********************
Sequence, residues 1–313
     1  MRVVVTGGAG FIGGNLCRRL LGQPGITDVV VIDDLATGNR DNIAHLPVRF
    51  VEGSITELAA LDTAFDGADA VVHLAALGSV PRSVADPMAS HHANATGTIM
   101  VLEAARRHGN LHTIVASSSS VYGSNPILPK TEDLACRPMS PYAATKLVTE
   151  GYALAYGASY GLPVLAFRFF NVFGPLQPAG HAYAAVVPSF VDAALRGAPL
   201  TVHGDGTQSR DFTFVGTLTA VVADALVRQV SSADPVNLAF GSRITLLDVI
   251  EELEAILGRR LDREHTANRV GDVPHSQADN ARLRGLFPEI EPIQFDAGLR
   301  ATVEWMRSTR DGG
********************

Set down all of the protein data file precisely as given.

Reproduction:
Sequence, residues 1–313
     1  MRVVVTGGAG FIGGNLCRRL LGQPGITDVV VIDDLATGNR DNIAHLPVRF
    51  VEGSITELAA LDTAFDGADA VVHLAALGSV PRSVADPMAS HHANATGTIM
   101  VLEAARRHGN LHTIVASSSS VYGSNPILPK TEDLACRPMS PYAATKLVTE
   151  GYALAYGASY GLPVLAFRFF NVFGPLQPAG HAYAAVVPSF VDAALRGAPL
   201  TVHGDGTQSR DFTFVGTLTA VVADALVRQV SSADPVNLAF GSRITLLDVI
   251  EELEAILGRR LDREHTANRV GDVPHSQADN ARLRGLFPEI EPIQFDAGLR
   301  ATVEWMRSTR DGG